The indigestible narratives of the American past

Plan Author

  • Emma Thacker, 2014

Fields of Concentration

Sample Courses

  • Course: Tell about the South: the South in the American Literary Imagination
  • Course: Modernity & Postmodernity in Cultural History
  • Tutorial: Exploration of William Faulkner’s Light in August
  • Tutorial: Slave Narratives and Contemporary Representations of Slavery

Plan Description

Representing the Past: Commemoration of the 50th anniversary of the March on Washington for Jobs and Freedom.

Faculty Sponsors

Outside Evaluator

  • Jules Chametsky, University of Massachusetts Amherst


Robert Lowell’s poem ‘For the Union Dead’ commemorates the death of Union soldiers in the Civil War in the unveiling of the Shaw Memorial on the Boston Common. As historian Edward T. Linenthal notes, Lowell refers to this monument as a “fishbone in the city’s throat” because the ideals it commemorates remain unrealized. “Every nation,” writes Linenthal, “has its own set of indigestible narratives, its “fishbone” stories.”  These “indigestible narratives” are the enduring legacies of history and memory that remain stuck in the conscience of a nation. In the United States, many of our “fishbone” stories are connected to race and particularly tied to the practice and legacy of slavery.

This Plan of Concentration is a response to Linenthal’s contention that there is a “historical and moral importance of engaging in America’s indigestible stories.”How is an American history patterned with racism and racial inequalities remembered? How do memories take place on collective and national levels and how do they evolve in the lives of individuals? What is lost by relying on selective memory to create an understanding of the American past? I draw on the disciplines of both history and literature to explore these questions. The production of historical memory and the “history of memory” are at the core of this Plan. The discipline of history draws on a wide range of sources and material to construct a complex and rich understanding of the past. The discipline of Literature creates an imagined context through which to explore and enrich themes of historical memory.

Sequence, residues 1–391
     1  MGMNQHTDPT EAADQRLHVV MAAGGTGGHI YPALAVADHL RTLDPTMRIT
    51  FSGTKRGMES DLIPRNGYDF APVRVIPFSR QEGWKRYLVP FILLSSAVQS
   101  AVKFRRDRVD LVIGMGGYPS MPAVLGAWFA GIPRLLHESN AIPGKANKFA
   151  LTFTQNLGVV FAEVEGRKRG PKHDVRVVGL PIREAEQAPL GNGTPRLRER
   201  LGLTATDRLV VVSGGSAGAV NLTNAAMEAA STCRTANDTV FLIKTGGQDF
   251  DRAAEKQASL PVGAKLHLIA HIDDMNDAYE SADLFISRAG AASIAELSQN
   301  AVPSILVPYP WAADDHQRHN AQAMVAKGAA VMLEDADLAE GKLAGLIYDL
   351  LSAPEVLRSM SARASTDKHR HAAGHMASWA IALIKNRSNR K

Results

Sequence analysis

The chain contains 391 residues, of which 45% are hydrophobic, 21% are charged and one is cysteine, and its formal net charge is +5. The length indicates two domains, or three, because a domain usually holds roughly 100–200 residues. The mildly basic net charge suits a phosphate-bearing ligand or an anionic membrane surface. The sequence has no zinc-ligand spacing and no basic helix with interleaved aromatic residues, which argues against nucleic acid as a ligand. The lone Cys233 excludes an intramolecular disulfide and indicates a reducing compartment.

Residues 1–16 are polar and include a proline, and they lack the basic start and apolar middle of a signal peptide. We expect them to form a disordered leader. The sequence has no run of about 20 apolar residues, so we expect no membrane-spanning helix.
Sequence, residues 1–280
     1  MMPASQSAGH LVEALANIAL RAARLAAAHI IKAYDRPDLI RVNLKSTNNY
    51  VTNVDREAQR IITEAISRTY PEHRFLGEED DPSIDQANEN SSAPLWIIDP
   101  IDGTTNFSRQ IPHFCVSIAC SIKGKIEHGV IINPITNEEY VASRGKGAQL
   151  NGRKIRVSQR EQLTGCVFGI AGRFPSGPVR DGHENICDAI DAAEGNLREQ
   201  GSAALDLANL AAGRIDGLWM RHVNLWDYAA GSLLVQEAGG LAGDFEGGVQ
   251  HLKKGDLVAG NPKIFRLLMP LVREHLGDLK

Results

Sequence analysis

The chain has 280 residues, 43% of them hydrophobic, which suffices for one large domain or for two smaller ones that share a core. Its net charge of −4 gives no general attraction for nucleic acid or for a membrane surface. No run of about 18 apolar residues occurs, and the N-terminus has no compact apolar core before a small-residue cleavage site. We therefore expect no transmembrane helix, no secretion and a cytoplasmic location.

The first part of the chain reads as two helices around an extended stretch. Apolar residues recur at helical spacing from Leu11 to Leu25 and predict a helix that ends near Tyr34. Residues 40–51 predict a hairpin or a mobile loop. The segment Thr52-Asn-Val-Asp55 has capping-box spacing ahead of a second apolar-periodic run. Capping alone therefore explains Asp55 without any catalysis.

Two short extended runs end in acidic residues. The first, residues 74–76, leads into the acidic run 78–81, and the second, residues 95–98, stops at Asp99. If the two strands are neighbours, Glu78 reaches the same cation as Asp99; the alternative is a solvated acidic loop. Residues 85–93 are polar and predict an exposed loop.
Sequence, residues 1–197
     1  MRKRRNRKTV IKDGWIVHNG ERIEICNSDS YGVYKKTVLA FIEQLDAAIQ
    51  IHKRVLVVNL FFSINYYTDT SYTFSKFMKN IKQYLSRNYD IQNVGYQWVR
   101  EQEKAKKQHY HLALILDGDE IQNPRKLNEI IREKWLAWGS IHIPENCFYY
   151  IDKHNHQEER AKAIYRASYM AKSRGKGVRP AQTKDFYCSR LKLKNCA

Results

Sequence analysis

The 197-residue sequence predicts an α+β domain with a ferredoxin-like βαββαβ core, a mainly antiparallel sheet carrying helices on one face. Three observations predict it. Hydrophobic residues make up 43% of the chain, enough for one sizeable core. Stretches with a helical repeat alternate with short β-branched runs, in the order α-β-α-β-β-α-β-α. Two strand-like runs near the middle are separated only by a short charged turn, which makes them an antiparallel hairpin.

“The news media has not always portrayed King as the uncontested and undebatably effective national leader of the civil rights movement. Before the March the news media did not regard King as a firmly established leader, and the media often questioned his experience andtactics. In general, King was a highly controversial figure, as evidenced by 1960s Newsweek, Time, and U.S. News magazines, all of which dissected his every word and action and vacillated frequently when regarding his political beliefs. The months preceding the 1963 March, for example, illuminate mixed portrayals of King by the media. The summer of 1963 is the historical moment when Birmingham, Alabama became the center of the Civil Rights Movement, and Bull Connor, former Public Commissioner of the City of Birmingham, became the face of white supremacist opposition to the movement”

”Toni Morrison speaks against silencing the African American community, and speaks, furthermore, against others imagining the lives of African Americans. Morrison, as a black female writer and thinker, is an example of a voice of agency in a group of people, long marginalized, oppressed and unheard. Her novels imagine the struggles of the black community, thereby giving voice to an underrepresented history of racial tension. Although the history of the United States is a history inseparably intertwined with the system of slavery, the suppression of the memory of slavery is stronger than the will to recognize and rectify the problems left in its wake.”


The inspiration for this Plan was my professors and my love of American history. I took a Toni Morrison tutorial, where I read most of her novels and talked about them with Gloria. Through the process of Plan I learned how to be diligent.